Evacuation and Partition
Jabotinsky was most pessimistic about the continuation of Jewish life in the Diaspora. At the Hatzach (New Zionist Organization) Conference held in Warsaw, on June 13, 1936, he clearly raised the idea of "Evacuation" – mass removal of Jews from Europe. Jabotinsky was sharply attacked, accused that his idea would insight the Polish government to expel the Jews.
A British Royal Commission of Inquiryheaded by Lord Peel, in 1937, recommended partition of Eretz Israel and establishment of a Jewish state in a small area. Jabotinsky rejected the idea out of hand, viewing the proposal as absurd, and initiated a systematic campaign to reject the Peel Partition Plan. The main problem facing him was elimination of the Jewish Diaspora. He claimed that only a territory of sufficient dimensions to absorb millions of European Jews would suffice the needs of the Jewish people. Therefore, he saw it as necessary to reject the partition plan, claiming that no one has the right to relinquish parts of Eretz Israel, the birthplace of the Jewish people. Jabotinsky claimed that if the Jews wouldn't eliminate the Diaspora, the Diaspora would eliminate the Jewish people, and that, therefore, there is a necessity to make a mass transfer of Polish Jews to Eretz Israel. Various streams of Judaism, among them the "Bund", fought against the idea to eliminate the Diaspora and Jabotinsky's Evacuation Plan. But he continued to warn, "We must save the millions – many millions. I don't know if the question concerns absorption of one-third of the Jewish race, to half of the Jewish race, or one-quarter of the Jewish race. This I do not know. But, it's a question of millions." However, the British government itself rejected the Partition Plan. In February, 1938, Hatzach accepted the Evacuation Plan as an official program.
The bloody riots of 1929 and the discontent among the Arab population in Eretz Israel against the Zionist Enterprise and the Jewish Yishuv (pre-State community), caused radicalization to the British Mandate authorities' policy in Eretz Israel, since the riots of 1920 – 1921.
Jewish Aliyah (immigration) to Eretz Israel was one of the main issues harmed by this turnabout. In Lord Passfield's "White Paper" (1930), expression was given to the new policy line concerning Aliyah: a significant reduction in the number of immigrants, and imposing close supervision in accordance with economic and other considerations.
The "White Paper" caused great anger within the Yishuv as well as protest demonstrations. The promise by the British Prime Minister, in a letter to Dr.Chaim Weizmann, President of the Zionist Organization and the Jewish Agency, that there was no deviation from the previous policy, didn't diminish fears.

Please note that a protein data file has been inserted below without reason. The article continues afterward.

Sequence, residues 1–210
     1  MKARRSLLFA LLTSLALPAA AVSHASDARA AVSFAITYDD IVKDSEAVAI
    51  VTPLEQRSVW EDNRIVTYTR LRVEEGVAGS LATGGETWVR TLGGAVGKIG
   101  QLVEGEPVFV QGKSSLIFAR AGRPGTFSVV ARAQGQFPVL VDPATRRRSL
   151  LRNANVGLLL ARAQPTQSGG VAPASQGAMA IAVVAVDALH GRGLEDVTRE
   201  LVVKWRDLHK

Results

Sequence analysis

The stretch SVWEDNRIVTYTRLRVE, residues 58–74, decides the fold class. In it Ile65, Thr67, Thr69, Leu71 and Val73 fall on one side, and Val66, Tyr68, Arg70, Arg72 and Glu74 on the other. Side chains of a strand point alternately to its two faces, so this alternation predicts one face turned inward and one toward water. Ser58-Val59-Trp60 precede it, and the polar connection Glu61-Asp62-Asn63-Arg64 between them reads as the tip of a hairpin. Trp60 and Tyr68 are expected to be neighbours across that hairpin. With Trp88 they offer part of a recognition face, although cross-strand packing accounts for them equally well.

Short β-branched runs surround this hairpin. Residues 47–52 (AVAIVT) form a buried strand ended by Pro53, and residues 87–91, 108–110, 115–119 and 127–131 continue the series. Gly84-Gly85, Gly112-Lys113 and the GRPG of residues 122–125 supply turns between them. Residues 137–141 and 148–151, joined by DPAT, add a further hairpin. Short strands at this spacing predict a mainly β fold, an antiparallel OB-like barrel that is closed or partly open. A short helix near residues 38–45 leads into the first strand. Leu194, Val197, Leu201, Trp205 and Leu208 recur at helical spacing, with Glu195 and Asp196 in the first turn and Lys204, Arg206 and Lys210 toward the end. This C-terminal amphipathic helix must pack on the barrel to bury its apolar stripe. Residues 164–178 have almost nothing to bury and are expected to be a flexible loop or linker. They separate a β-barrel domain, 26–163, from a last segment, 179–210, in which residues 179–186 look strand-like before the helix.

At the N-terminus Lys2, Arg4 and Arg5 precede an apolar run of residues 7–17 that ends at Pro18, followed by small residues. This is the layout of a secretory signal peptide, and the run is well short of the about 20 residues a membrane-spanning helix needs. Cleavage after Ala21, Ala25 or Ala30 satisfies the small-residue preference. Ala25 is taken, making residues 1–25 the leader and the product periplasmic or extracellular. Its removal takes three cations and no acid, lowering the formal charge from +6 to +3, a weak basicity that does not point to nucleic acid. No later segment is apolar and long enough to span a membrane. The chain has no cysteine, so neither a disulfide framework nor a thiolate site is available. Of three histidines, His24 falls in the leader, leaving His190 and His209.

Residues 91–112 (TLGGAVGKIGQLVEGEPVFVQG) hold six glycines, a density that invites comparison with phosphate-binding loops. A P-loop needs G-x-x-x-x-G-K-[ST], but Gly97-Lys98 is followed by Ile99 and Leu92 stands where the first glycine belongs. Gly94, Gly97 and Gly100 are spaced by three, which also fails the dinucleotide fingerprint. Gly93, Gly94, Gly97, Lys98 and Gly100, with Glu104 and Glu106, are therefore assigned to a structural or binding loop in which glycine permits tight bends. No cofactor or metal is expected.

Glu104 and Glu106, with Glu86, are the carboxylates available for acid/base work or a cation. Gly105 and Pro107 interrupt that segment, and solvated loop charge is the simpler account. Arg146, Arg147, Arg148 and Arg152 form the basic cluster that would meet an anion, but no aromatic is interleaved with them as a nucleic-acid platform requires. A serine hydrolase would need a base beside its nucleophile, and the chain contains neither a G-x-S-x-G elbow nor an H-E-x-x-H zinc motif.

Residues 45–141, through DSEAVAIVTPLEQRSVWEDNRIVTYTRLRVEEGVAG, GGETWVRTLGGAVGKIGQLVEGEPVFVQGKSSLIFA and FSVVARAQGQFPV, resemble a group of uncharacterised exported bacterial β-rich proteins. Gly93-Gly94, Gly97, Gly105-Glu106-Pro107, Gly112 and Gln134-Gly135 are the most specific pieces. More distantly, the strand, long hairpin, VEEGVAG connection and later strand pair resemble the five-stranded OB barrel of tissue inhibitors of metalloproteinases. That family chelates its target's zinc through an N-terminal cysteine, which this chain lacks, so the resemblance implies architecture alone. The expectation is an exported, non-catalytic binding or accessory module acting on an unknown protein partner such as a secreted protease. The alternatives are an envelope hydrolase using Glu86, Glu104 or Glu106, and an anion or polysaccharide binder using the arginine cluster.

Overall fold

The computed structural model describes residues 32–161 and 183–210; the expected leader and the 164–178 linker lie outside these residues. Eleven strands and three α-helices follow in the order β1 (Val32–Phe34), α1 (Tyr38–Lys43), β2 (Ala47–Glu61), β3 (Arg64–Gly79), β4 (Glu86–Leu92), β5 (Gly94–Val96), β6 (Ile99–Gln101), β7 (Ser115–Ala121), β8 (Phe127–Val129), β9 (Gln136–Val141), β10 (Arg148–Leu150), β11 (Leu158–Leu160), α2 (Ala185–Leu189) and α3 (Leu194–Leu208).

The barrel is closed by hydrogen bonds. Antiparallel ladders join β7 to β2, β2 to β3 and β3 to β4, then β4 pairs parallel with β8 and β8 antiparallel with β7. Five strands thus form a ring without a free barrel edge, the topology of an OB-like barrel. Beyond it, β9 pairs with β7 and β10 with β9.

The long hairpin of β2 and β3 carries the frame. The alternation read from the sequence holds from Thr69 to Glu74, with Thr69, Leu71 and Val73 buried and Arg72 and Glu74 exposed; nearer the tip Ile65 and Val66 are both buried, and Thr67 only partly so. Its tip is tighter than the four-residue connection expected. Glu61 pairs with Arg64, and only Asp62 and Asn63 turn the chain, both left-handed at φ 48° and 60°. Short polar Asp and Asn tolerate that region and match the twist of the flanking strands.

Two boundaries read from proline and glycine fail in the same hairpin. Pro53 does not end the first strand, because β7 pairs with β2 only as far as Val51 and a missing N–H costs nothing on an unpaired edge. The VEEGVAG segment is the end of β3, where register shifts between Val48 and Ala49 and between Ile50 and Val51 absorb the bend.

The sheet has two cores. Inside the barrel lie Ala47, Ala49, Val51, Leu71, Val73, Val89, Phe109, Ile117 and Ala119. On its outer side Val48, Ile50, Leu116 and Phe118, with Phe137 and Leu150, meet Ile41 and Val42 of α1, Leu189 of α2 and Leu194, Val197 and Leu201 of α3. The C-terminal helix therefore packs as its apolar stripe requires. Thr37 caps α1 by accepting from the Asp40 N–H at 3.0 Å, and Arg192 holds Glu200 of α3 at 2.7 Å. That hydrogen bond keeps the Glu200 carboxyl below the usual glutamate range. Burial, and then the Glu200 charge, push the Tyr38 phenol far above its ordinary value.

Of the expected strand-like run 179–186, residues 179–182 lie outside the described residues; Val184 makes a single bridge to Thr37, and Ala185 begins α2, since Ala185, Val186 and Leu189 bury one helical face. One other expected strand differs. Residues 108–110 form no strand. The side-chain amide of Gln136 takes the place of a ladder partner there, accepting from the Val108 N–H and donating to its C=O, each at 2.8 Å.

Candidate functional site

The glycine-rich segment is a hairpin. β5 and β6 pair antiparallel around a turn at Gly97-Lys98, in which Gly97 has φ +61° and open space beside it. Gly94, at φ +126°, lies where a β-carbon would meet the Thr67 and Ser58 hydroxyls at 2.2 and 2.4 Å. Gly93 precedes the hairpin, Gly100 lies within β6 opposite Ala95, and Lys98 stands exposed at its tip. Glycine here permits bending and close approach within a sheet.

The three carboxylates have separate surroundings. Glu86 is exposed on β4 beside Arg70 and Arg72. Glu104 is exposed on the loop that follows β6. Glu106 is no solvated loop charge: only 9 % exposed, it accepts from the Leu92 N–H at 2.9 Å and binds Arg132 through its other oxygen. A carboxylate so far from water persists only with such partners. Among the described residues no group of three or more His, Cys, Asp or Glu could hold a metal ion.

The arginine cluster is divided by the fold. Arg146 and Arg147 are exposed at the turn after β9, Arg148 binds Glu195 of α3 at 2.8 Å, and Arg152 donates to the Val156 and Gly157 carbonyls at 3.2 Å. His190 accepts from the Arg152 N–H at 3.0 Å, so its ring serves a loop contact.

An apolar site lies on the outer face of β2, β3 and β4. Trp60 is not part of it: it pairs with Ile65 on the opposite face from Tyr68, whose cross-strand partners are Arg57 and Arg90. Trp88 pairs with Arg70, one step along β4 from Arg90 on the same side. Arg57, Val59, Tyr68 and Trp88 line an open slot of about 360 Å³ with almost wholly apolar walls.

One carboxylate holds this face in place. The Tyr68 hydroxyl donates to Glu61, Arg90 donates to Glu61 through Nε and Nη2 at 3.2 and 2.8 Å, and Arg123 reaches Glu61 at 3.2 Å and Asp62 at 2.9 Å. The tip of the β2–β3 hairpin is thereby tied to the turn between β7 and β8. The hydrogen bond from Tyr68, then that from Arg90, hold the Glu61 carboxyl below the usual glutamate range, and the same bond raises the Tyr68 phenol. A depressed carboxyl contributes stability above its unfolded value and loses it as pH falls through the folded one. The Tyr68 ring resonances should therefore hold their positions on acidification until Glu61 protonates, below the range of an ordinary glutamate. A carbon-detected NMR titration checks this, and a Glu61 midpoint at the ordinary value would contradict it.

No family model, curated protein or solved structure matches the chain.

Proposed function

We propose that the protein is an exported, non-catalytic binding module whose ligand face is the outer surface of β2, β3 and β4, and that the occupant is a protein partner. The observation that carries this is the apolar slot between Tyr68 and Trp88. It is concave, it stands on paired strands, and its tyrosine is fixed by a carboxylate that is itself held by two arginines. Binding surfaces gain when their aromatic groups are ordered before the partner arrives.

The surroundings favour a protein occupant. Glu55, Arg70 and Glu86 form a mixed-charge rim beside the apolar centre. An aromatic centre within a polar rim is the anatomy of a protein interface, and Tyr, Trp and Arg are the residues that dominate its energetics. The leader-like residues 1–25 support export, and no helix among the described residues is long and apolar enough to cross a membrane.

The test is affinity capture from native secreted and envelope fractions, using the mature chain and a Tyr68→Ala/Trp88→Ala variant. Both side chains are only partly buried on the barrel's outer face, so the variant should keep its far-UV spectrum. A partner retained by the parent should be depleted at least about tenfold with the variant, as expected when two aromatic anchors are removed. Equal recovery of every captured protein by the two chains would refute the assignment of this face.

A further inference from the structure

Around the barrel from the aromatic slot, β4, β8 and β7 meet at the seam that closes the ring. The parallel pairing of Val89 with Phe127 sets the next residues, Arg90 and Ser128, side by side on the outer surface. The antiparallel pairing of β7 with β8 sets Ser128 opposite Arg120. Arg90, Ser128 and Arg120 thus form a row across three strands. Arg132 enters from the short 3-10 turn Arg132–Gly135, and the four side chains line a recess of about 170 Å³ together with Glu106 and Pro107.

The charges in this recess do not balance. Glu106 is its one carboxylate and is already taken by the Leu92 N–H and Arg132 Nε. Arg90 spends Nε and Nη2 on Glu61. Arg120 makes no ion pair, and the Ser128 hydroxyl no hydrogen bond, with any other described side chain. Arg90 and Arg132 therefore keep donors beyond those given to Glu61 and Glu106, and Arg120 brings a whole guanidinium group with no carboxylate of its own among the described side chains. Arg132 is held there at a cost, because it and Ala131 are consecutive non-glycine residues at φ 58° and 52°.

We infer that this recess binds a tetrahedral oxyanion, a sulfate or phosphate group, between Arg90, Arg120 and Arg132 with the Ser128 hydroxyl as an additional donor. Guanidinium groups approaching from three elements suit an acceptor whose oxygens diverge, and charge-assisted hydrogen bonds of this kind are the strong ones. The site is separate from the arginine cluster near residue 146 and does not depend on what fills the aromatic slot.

Zeev Jabotinsky gave expression to the increasing fear and distrust of British policymakers in London. In his article "On Adventurism", from February 1932, he called for a political struggle against the "White Paper" and its prohibitions. This article laid the foundations for the illegal immigration undertaking, organized by Hatzohar (Zionist Revisionists), Hatzach (New Zionist Organization), Betar and Etzel.
Following the Nazi rise to power (1933), Jabotinsky did not spare any effort to advocate this idea, whose objective was to rescue Jews. In June, 1936, he raised the idea of "Evacuation" as the singular constructive solution to the Jewish problem. He called on the Jews to eliminate the Diaspora, primarily in Europe, by removal: "If you won't eliminate the Diaspora – the Diaspora will eliminate you." The issue of Aliyah became the existential matter of the Jewish people.
In his article "National Sport" (May, 1939), Jabotinsky continued to call for the same educational tactic of shattering discipline (and windshields, at times), where circumstance necessitated it. The influence of this article was enormous. In a speech at a Hatzach party in Warsaw, days after publication of the article, Jabotinsky added, "The second issue is Aliyah 'Bet', illegal immigration. As our friend, (Josiah) Wedgwood, says, …'the limitations are illegal'." The power of a law is not in its inscription in a book of laws, but rather in its implementation in reality, and the more time passes, its power increases. The best means by which to cancel the law is by persistently breaking it, and that is the significance of Aliyah 'Bet'. After the Revisionist Movement called for "Af-Al-Pi" Immigration, in 1936, the operation received fresh momentum. Beginning in 1937, tens of illegal immigrant ships left on their way to Eretz Israel.
The riots of "Kristallnacht" (November 9th, 1938) and Jabotinsky's call from Warsaw on the eve of Tisha B'Av (August 1938), that preceded it, increased the sense of urgency. The necessity to escape Europe without hesitation, and to focus on the homeland, were expressed in instructions from Shilton Betar in London, to Aliyah 'Bet' activists, spread at transit points at orders of European states. The aim was to make Aliyah possible to everyone needing it.
Nearly 20,000 illegal immigrants came to Eretz Israel in the framework of the "Af-Al-Pi" project, in ships that broke through the British blockade, and succeeded in escaping the Nazi inferno.